And he took the rulers over hundreds, and the captains, and the guard, and all the people of the land; and they brought down the king from the house of the LORD, and came by the way of the gate of the guard to the king's house. And he sat on the throne of the kings.
EXEGETICAL (ORIGINAL LANGUAGES)
19. And he took the rulers [R.V. captains] and the captains] R.V. the Carites. On these words cf. above on verse 4.

and they brought down the king] The movement was a popular one, the people taking part with the soldiers and the priests. In 2 Chron. ‘the nobles and the governors of the people’ are included in the list. The temple was on a lofty height. Hence the phrase ‘brought down’.

by the way of the gate of the guard to [R.V. unto] the king’s house] This gate would be specially ready for the king’s entry, as it was one of those secured by the arrangements described in verse 6.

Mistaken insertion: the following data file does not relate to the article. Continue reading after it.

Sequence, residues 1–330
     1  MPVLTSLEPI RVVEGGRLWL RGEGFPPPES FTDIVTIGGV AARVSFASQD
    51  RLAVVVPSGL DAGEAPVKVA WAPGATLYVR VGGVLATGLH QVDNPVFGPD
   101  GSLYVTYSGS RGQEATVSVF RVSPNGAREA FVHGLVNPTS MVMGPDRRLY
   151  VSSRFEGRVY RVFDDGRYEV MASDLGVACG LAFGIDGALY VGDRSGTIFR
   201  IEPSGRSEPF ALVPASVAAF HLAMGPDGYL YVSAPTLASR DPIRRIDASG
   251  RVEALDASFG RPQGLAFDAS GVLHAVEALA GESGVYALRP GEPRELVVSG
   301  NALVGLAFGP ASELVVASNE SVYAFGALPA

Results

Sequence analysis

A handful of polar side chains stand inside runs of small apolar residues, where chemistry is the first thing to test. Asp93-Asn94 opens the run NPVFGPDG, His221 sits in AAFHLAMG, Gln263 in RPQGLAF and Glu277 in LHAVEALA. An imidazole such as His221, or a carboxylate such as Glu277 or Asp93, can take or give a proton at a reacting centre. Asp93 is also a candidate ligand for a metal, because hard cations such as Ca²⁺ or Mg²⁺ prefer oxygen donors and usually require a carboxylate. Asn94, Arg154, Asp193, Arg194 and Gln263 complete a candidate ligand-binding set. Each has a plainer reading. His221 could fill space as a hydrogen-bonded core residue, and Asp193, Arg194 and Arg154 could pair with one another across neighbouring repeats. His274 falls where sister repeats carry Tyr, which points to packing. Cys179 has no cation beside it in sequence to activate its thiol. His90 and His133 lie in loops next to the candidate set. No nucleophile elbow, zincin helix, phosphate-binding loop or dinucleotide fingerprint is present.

he sat on the throne of the kings] On this throne, and its position in the palace which Solomon built, cf. note on 1 Kings 7:7.Verse 19. - And he took the rulers - literally, princes - over hundreds - i.e. the five centurions of 2 Chronicles 23:2 - and the captains - rather, and the Carites (see the comment on ver. 4) - and the guard - i.e. the "runners," the other division of the guard - and all the people of the land - those who had flocked to his standard either originally (2 Chronicles 23:2) or since - and they brought down the king from the house of the Lord. They escorted Joash from the temple to the palace, first bringing him down into the valley of the Tyropoeon, and then conducting him up the opposite, or western hill, on which the palace stood. And came by the way of the gate of the guard to the king's house. The "gate of the guard" is probably that called in ver. 6 "the gate behind the guard." We may presume that it was the main entrance to the palace on the eastern side. And he sat on the throne of the kings. Not till he had placed Joash on the royal throne of his ancestors, in the great throne-room of the palace, was Jehoiada content with the work of the day. Death of Athaliah. - 2 Kings 11:13, 2 Kings 11:14. As soon as Athaliah heard the loud rejoicing of the people, she came to the people into the temple, and when she saw the youthful king in his standing-place surrounded by the princes, the trumpeters, and the whole of the people, rejoicing and blowing the trumpets, she rent her clothes with horror, and cried out, Conspiracy, conspiracy! העם הרצין does not mean the people running together, but the original reading in the text was probably והעם הרצין, the people and the halberdiers, and the Vav dropped out through an oversight of the copyist. By הרצין we are to understand the captains of the halberdiers with the armed Levites, as in 2 Kings 11:11; and העם is the people who had assembled besides (cf. 2 Kings 11:19). In the Chronicles המּלך והמהללים הרצים is in apposition to העם: the noise of the people, the halberdiers, and those who praised the king. The עמּוּד, upon which the king stood, was not a pillar, but an elevated standing-place (suggestus) for the king at the eastern gate of the inner court (בּמּבוא, 2 Chronicles 23:13 compared with Ezekiel 46:2), when he visited the temple on festive occasions (cf. 2 Kings 23:3), and it was most probably identical with the brazen scaffold (כּיּור) mentioned in 2 Chronicles 6:13, which would serve to explain כּמּשׁפּט, "according to the right" (Angl. V. "as the manner was"). השּׂרים are not merely the captains mentioned in 2 Kings 11:4, 2 Kings 11:9, and 2 Kings 11:10, but these together with the rest of the assembled heads of the nation (האבות ראשׁי, 2 Chronicles 13:2). החצצרות, the trumpets, the trumpeters. The reference is to the Levitical musicians mentioned in 1 Chronicles 13:8; 1 Chronicles 15:24, etc.; for they are distinguished from וגו כּל־העם, "all the people of the land rejoicing and blowing the trumpets," i.e., not all the military men of the land who were present in Jerusalem (Thenius), but the mass of the people present in the temple (Bertheau).